You’re playing a show and you see a photographer in the audience. You want to get good photos of you and your band on the internet, and chances are the photographer wants the same thing. What can you do to help the photographer make those shots? How can you look good?
After 4 straight days with my camera stuck to my face at Surfer Joe, I wanted to write this article because some bands were so good at this, and some were so bad. And some of them I could even tell really wanted to give me some good shots, but didn’t quite have the right idea. So here’s helping you help me.
A note: I’ve been an amateur photographer for a long time and plenty of that has been concert photography, but I’m certainly an amateur and I’m always growing as a photographer. I don't think I'm phenomenal, but I do think I turn up good stuff. I also have my own tastes. If you’re a photographer and you have something to add or dispute, I encourage you to do so in the comments. I did go to art school, it wasn't for photography, but it does mean I know how to take criticism (or at least how to convincingly bullshit justification for my results).
These tips are for surf bands, but they could be applied to other bands a lot of the time. Surf bands do have it a little different though, because when you shoot a band with a vocalist that person has a lot more priority, and a close-up of their face singing is often good enough if you’re just looking for a few good shots. Not as simple for surf. But there’s also a lot of things in surf that make taking pictures uniquely fun.
I know you’re busy up there on stage and you focus on your music. Some of these are pretty simple and won’t take much thought, some of these you may need to work on over time.
Let there be light
Photography is nothing more than the practice of capturing light, and concerts can often be challenging because we simply don’t have enough light. Without enough lighting, we have to work extra hard to make our pictures less blurry and often that means more noise and less definition. Without interesting lighting, pictures aren’t very interesting. So if you have any control over lighting, please exert it! Crank it up! Concerts are rarely too bright, especially when using colored light. Speaking of colored light, if you can do something different than the other bands, please do. It keeps things fresh for us and helps us feel like each band isn’t the same.
Take note about where the lights are before you start. Photographers tend to prefer standing to the guitarist’s right because we can see the front of the guitar and it’s probably catching more light. This is especially true when there are side lights.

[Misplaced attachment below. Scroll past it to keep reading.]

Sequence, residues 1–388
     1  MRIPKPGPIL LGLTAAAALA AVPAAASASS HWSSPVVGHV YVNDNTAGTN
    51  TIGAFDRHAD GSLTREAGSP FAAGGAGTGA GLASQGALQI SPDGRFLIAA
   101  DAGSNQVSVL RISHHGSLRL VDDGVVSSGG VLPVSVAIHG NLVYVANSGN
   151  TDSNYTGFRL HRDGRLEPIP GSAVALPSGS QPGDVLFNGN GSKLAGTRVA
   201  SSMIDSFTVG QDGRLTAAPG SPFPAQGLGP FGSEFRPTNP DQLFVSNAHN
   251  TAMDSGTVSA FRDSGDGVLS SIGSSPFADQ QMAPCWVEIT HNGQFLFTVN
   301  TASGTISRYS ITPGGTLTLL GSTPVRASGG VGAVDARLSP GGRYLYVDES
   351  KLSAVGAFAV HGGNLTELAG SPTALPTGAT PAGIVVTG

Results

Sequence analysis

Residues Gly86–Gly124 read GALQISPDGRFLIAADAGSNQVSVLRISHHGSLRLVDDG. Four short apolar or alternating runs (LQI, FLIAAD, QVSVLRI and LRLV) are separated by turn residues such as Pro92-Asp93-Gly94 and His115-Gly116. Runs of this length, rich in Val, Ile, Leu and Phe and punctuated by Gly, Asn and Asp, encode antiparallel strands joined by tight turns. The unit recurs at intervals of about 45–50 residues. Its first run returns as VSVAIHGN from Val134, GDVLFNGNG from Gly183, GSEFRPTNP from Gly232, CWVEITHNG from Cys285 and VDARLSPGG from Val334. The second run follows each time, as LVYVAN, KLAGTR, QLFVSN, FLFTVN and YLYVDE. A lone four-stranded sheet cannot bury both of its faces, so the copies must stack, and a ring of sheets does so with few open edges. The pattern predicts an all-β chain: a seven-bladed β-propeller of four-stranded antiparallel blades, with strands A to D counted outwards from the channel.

Fog machines are fun because they change the way light works, letting color fill negative space and sometimes casting “god rays” with shadows, like in the shot from the Tremolo Beer Gut above. It's not my favorite shot, but it's a good example of what fog can do.
Flash. I'm not going to talk about it much because I hate using it and so I rarely do. I feel like it's distracting and I prefer to be as unintrusive as possible. But photographers do it because we need light! But even when we do, it's hard to get right without doing it multiple times (even more obnoxious!) and it often won't even work if the subject is far away (unless they set up remote flashes for more interesting results).
Daytime outdoor festivals (such as Surfer Joe!) can be nice because we've got soooo much light that we have free reign over our camera settings. But there are drawbacks to that as well, such higher contrast (darker) shadows, blown out highlights. You won't have as much colored light, so the photos might be a little less dramatic. The average photo will still likely come out better, at least on a technical level, and it'll look WAY better for the cell phones.
It’s all about lines
Guitars are fun because of the necks. They’re one big line (with smaller lines on it) that can point your eye in certain ways. Your body is a bunch of lines, think of a stick figure. The typical guitar pose, head-on doesn’t really take advantage of any of those lines, not to mention we’ve seen it a million times.
Here’s a boring photo. It’s not Ralf's fault, I’m the one who took the photo, and even when you're dressed as the Pope you can't look awesome every second. I was just trying to find a pretty standard guitar pose. What are the noticeable lines within the frame, ones that catch your eye? Aside from the door frame in the back, it’s just the guitar pointing in a direction. If you blur your eyes, it barely even sticks out from the white blob of his body. That line isn't really doing anything interesting.
Here’s a photo I really like. One line points up. One line disagrees with that line. The guitarist’s body curls. My eye is going places!
They didn’t know I was going to take this picture. They weren’t staging it for me. They were simply moving around and pointing their guitar in different directions and I was shooting enough photos that something cool came out of it. If you’re not moving, you’re not creating opportunities. Thankfully, the crowd likes it when you move too. A lot of these suggestions will have a nice effect on the crowd. It’s convenient that it works that way.